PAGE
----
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Migrant Exploitation Ringleader Sentenced To Home Detention

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Jafar Kurisi, also known as Ali or Tauranga Ali, has avoided prison, receiving instead a 12-month home detention sentence and an order to pay $80,000 to his victims for his role in exploiting migrant workers, Stuff reported.

Kurisi, 60, was charged in late 2020 following numerous complaints about the mistreatment of migrant workers in the kiwifruit and horticultural industry. Investigations led to searches of five homes in Tauranga, during which 27 individuals from Indonesia, Malaysia, India, and Bangladesh were interviewed about their immigration and employment status in New Zealand.

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Kurisi was found to have unlawfully employed migrants on visitor visas, continuing to do so even after their visas had expired. He pleaded guilty to exploiting multiple migrants and attempting to pervert the course of justice.

During the sentencing, two of Kurisi’s victims recounted the financial and emotional harm they endured, including withheld pay and being forced to sleep on the ground in a garage. They revealed they were paid between $12-$15 per hour, well below the New Zealand minimum wage of $18.90 at the time, and were not compensated for all hours worked.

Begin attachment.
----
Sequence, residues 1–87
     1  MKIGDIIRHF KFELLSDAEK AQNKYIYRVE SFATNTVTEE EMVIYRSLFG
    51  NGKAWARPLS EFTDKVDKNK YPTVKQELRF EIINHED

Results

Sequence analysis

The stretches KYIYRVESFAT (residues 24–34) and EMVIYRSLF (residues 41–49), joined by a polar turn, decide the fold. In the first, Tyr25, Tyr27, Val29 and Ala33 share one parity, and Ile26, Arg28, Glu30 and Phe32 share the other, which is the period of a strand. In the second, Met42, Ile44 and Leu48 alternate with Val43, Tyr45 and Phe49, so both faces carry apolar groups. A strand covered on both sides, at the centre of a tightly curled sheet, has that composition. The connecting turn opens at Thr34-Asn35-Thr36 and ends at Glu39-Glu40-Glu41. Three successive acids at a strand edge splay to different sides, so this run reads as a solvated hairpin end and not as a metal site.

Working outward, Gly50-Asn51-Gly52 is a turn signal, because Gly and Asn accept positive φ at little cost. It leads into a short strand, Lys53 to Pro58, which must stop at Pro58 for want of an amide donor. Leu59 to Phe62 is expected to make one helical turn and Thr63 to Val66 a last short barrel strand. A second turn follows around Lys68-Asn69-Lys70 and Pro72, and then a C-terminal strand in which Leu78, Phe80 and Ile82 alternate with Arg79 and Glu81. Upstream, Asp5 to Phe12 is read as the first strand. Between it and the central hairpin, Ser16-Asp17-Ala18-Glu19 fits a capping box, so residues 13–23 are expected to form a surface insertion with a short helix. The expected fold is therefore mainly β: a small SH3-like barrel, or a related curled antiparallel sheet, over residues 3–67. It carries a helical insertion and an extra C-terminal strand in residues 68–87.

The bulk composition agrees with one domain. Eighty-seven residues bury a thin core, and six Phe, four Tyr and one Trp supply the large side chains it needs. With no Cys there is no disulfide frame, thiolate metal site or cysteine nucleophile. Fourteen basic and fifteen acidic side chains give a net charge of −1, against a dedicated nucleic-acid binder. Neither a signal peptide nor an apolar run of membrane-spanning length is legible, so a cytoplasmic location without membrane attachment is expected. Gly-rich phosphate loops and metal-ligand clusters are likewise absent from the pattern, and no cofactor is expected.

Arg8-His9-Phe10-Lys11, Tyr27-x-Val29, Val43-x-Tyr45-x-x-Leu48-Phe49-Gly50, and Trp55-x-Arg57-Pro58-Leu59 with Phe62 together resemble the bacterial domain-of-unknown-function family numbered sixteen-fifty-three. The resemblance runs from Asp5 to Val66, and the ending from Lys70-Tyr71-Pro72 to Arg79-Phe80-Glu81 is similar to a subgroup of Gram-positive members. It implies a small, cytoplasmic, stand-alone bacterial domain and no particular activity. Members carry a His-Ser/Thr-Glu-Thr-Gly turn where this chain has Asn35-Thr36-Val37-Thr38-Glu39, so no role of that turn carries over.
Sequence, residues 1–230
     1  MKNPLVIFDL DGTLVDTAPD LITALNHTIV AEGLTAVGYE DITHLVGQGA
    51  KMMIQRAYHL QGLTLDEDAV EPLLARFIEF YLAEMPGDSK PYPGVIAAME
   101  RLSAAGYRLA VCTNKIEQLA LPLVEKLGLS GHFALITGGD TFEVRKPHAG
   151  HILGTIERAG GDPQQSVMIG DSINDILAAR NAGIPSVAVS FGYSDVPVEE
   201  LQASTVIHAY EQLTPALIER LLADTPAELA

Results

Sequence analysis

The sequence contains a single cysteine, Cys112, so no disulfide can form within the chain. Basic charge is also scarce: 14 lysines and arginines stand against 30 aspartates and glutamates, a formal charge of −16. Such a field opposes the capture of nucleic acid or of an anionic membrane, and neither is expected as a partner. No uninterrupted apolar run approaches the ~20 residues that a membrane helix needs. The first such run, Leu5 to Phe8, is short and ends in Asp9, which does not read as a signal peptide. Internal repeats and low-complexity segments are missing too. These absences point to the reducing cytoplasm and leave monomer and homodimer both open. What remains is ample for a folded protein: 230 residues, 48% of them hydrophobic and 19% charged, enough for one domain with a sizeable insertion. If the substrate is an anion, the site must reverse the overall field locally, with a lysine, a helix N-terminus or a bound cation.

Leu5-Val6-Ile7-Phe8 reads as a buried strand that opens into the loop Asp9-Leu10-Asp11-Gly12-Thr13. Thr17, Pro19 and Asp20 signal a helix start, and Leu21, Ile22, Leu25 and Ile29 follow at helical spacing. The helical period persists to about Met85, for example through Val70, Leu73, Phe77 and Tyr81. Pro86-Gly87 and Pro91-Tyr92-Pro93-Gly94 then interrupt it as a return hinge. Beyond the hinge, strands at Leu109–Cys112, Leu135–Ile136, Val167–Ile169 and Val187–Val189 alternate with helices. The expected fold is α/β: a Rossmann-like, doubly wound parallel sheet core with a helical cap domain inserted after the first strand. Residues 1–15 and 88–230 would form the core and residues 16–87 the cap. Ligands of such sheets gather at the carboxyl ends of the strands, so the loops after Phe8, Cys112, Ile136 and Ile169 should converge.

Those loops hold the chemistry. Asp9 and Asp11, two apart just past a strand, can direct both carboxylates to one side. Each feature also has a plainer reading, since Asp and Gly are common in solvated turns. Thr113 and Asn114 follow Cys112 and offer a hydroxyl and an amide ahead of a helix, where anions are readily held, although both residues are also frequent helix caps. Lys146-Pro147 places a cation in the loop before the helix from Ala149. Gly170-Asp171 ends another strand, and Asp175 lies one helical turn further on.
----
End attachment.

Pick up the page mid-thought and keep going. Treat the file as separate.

“They remained in New Zealand to see this through and can now put this chapter behind them, and finally return home knowing that Kurisi has been held to account,” Stuff quoted MBIE spokesperson Steve Watson.

This is not Kurisi’s first encounter with the law for worker exploitation. In 2017, he was sentenced on charges related to a human trafficking case involving 13 workers not entitled to work in New Zealand.

Steve Watson, Immigration Compliance and Investigations General Manager, expressed gratitude to the investigation team and other cooperating agencies, including the Labour Inspectorate, Tenancy Services, New Zealand Police, and Zespri. He hopes this sentencing will serve as a strong deterrent for future offences.

“I’m incredibly grateful for the involvement of our Labour Inspectorate, Tenancy Services, New Zealand Police colleagues and to Zespri for their cooperation. I am also very proud of our investigation team who worked tirelessly to bring this matter to court,” said Watson.

Kurisi’s sentence was reduced due to his early guilty plea, reparation payment, as well as his ill health and age.

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